On reading Randi Ward’s "Whipstitches"

“A 'whipstitch' can be a stitch for sewing two pieces of material together. A moment in time. something that happens at regular intervals. Or a suturing stitch for closing a wound. An experience, can become the wound and the stitch— again and again and again— ”
          —Randi Ward

 

We tend to expect a lot of pretense from poetry: fancy language that makes for unreadable lines. Pieces of writing so pseudo-intellectual or obtuse that they can only be qualified as Machiavellian ploys to satisfy the author’s ego. A poem is a shared moment between author and reader.  

Randi Ward’s Whipstitches (MadHat Press, 2016) is a book of very short poems, modestly descriptive, single stanza poems. The harmony of the spacing of the book creates an even pacing for the poems, a sweet balance; they resemble black and white photographs, glimpses into moments, and they share a discrete and discreet intimacy into a West Virginia family’s farm life. The images the poems take on the qualities of a metaphoric ecology, and the world we are invited into becomes a sad dream, and just like a dream, everything merges into one, the language, culture, characters and history of the place. It’s like a glimpse into a family album, as sad, as pleasant, as intimate. See this poem from page 41:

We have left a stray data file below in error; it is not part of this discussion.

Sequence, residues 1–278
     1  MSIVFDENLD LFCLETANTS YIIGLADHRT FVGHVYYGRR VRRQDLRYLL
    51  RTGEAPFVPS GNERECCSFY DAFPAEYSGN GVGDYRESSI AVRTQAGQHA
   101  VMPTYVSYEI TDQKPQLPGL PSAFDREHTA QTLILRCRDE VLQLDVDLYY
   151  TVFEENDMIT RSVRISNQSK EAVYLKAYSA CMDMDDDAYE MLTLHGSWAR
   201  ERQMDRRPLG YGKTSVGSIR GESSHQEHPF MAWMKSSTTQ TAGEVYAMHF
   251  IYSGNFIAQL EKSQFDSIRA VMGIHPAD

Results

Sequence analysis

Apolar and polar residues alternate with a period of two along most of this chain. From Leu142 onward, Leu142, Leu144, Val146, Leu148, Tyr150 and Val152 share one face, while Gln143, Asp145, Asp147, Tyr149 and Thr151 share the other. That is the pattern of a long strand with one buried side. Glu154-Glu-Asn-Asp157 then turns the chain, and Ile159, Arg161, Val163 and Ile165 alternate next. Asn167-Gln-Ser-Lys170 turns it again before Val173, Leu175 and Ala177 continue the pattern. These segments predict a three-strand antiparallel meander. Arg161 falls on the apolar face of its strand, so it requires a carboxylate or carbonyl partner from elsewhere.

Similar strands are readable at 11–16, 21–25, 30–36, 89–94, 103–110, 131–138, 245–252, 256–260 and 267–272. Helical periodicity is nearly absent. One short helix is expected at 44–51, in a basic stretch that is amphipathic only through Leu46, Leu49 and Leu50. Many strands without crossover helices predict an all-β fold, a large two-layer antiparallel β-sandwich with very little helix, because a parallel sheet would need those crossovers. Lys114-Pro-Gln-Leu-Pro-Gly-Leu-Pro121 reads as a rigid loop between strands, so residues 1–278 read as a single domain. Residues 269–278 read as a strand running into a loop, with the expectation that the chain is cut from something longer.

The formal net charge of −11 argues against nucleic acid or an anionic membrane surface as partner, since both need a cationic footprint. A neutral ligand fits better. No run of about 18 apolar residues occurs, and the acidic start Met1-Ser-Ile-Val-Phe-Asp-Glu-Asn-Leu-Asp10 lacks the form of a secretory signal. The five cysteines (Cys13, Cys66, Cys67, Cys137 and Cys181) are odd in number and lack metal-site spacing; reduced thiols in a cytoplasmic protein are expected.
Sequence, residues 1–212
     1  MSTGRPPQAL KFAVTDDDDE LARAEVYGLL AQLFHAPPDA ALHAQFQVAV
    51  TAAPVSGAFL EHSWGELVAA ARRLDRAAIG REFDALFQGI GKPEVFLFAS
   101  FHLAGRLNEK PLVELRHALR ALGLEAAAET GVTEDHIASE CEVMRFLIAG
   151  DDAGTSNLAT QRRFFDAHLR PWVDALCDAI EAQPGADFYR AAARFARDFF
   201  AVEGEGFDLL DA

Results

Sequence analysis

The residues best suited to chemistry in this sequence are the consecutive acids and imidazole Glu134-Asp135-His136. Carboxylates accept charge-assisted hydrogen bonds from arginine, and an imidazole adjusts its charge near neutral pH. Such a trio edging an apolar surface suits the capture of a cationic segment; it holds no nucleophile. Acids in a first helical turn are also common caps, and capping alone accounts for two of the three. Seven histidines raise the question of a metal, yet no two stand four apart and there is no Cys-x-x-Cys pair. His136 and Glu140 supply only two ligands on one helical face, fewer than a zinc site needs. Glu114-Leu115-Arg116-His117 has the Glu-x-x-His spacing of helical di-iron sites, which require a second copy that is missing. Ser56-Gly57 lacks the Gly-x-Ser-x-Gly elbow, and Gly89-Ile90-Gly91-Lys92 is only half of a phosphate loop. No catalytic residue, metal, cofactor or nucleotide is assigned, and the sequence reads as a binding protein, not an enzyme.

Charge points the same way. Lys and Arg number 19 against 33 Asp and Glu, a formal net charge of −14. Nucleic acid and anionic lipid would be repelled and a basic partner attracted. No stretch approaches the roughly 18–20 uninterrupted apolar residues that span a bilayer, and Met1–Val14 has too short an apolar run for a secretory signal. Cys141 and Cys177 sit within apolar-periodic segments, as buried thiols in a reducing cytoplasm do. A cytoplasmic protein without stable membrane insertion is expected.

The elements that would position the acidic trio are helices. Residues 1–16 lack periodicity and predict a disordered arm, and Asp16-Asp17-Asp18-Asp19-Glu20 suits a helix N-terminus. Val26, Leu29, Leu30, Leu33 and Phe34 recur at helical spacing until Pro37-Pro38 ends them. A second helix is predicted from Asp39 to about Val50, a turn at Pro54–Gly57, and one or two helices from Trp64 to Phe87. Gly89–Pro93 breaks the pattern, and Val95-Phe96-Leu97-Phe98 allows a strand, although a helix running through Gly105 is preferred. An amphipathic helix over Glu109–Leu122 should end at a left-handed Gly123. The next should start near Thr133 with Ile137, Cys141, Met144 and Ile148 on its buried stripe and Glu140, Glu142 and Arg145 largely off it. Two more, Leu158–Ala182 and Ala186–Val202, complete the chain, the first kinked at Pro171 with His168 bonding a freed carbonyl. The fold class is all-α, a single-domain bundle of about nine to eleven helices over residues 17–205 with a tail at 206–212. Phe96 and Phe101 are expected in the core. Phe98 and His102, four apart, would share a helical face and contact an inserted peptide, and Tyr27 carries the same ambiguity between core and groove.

Fleas
“It’s all in your head,”
mock the fleas
crowding around
brimming sores
I’ve dug
raw for another
drink.

 

 

Darryl Wawa

Darryl Wawa is a Port-au-Prince born Haitian-American who studied Photography and Creative writing. He enjoys chocolate and good books. That said, maybe a movie is a good book. He loves to work with images and words and their pairing.

 

Edited for Unlikely by Jonathan Penton, Editor-in-Chief
Last revised on Saturday, September 15, 2018 - 10:37